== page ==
Friday 26 July 2013

A Passage to India by E.M. Forster

“Adventures do occur, but not punctually.”

Sometime in the early 1900's, a young English woman named Adela Quested arrives in India
accompanied by the elderly Mrs. Moore with the the prospect of marrying her son, a government official stationed at Chandrapore. Adela has a romanticized idea of the East only to be severely disappointed upon discovering that the British Raj is a painfully dull place without any excitement. She longs to see "the real India" but her circle of European colonizers find her request oddly amusing since they perceive the natives with racist and discriminatory attitudes. They cannot fathom why a rich young woman is at all interested in associating herself with primitives rather than forming relationships with her own people: "Why, the kindest thing one can do to a native is to let him die," said Mrs. Callendar (27). This is just one of the many derogatory remarks aimed at Indians and their culture throughout the novel. The only people other than Miss Quested who are more open minded about British-Indian relations is Mrs. Moore and Mr. Fielding--the latter being one of the more important figures in the story who rejects British imperialism on account of defending his Indian friend, a doctor named Aziz who is convicted of sexually assaulting Adela during an excursion up in the Marabar caves. This causes the racial tensions to escalate even more dramatically. The British are quick to believe that the India man is guilty because of course, he's an uncivilized minority and it is in his nature to act immorally towards women. Aziz is given the due process of law but something unexpected occurs during the trial that radically disrupts British authority in India. 

Certainly, one could do a close-reading and examine the precarious relationship between east and west, social hierarchy, the emergence of nationalism or even gender (especially in relation to the Indian "purdah" where women are not allowed to be seen in the presence of men during social situations) but that seems unnecessary for me to do considering my aversion to this novel.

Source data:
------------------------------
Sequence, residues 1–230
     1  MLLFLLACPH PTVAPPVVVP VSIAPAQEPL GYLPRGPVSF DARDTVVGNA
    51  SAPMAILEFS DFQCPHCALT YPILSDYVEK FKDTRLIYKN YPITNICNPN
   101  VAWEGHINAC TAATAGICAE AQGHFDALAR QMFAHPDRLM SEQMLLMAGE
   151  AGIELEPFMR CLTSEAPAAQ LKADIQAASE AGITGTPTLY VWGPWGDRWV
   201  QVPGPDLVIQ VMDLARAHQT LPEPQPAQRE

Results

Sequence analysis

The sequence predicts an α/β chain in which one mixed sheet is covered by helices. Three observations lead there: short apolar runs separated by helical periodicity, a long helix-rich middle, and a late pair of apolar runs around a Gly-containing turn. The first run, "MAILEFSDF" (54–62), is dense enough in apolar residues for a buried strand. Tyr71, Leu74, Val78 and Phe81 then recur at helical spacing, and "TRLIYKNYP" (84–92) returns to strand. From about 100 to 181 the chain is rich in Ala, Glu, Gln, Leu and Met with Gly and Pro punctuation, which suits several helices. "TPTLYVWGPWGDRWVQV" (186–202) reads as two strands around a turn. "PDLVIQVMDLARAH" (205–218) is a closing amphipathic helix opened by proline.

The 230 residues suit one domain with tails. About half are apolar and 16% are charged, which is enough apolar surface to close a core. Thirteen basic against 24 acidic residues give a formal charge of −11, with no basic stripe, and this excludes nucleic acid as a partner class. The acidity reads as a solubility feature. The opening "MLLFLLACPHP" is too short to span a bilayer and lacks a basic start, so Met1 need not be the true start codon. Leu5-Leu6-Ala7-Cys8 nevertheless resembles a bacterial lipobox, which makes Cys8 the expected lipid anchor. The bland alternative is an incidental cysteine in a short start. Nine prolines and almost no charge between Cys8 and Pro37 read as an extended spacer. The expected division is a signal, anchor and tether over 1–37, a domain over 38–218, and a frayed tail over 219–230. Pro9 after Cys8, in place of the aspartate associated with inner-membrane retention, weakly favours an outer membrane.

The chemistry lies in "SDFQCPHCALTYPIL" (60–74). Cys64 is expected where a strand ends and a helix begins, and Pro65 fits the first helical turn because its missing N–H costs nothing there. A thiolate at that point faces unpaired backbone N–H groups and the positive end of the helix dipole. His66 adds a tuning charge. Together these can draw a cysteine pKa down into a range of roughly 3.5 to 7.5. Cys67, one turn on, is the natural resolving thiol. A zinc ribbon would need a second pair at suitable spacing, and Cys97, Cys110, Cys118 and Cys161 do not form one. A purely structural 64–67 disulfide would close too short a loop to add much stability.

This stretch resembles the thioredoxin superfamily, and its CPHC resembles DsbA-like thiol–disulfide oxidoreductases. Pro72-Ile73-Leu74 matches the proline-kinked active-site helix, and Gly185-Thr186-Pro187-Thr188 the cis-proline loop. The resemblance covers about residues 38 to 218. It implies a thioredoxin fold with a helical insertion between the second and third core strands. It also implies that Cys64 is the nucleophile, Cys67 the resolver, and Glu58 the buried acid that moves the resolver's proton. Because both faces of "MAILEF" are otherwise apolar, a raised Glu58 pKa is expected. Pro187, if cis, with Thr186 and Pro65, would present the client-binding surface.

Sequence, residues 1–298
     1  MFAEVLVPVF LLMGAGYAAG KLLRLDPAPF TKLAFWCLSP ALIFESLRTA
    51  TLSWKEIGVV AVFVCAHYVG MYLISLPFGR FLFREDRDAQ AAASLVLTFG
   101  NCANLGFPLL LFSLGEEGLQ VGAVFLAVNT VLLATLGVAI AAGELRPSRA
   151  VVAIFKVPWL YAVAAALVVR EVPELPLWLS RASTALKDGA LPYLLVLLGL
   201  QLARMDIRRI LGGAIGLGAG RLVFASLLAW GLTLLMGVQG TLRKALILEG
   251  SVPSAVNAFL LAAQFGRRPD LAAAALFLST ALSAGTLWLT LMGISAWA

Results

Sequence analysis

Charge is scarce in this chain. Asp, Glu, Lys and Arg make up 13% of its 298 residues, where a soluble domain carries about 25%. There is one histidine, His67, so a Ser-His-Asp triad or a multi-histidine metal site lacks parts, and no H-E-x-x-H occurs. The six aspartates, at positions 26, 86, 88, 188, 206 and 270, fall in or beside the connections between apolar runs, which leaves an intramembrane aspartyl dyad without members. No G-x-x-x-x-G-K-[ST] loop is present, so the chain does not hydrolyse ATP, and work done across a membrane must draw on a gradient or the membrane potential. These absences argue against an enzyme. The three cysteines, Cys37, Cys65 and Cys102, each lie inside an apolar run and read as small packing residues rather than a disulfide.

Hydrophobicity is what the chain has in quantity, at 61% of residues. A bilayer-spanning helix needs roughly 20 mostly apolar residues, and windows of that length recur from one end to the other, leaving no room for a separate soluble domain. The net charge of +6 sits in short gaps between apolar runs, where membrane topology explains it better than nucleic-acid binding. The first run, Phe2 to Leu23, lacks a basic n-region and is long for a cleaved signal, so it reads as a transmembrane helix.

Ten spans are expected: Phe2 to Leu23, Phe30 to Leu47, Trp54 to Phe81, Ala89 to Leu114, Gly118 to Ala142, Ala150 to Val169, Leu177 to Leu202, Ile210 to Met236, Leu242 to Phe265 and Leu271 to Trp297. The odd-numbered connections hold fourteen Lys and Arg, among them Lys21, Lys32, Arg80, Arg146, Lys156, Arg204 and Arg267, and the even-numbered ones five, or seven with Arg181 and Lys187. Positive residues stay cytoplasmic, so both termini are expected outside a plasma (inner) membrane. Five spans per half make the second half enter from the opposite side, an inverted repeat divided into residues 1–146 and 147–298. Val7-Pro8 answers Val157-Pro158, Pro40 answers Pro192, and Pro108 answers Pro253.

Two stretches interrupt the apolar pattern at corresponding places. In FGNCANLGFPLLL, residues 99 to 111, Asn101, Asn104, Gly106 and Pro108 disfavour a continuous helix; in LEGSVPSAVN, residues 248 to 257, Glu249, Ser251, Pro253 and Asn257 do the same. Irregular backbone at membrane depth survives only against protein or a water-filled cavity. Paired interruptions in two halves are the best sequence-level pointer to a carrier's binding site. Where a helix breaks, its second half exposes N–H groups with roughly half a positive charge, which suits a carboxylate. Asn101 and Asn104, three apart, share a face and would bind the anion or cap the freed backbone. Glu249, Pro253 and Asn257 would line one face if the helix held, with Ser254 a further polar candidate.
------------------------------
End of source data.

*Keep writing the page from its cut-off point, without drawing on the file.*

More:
A Passage to India has so much potential to achieve greatness but fails to deliver an engaging story with convincing characters; the depiction of colonialism is oversimplified; the narrative takes many nonsensical digressions and Forster gets far too carried away with his excessively pompous style of prose. Many claim that his writing is poetic but I find it downright obnoxious and annoying. Enough already with the colorful descriptions of the hot weather and the landscape. Yes, India is known for its sweltering temperatures, we get it. You made that painfully clear the first twenty-seven times, Mr. Forster. Not to mention, a lot of the narrative is confusing or incoherent because he is keen to bombard to reader with an onslaught of extraneous details (sometimes stretching for several pages), which makes the story such an incredible chore to get through. Talk about a snore-fest.

Perhaps this novel created some controversy when it was published in 1924 since Forster is fairly critical of British imperialism but it seems severely dated. Its status as one of the great novels of the 20th century and high praise from many readers is baffling to me.
Forster's writing is priggish and dull. Sure, there are brief moments of insight or beauty but not enough to sustain the entire narrative. After being disappointed with Howards End and now this one, I have no intention of reading anything else by E.M. Forster in the near future.

This novel is part of my Classics Club Challenge.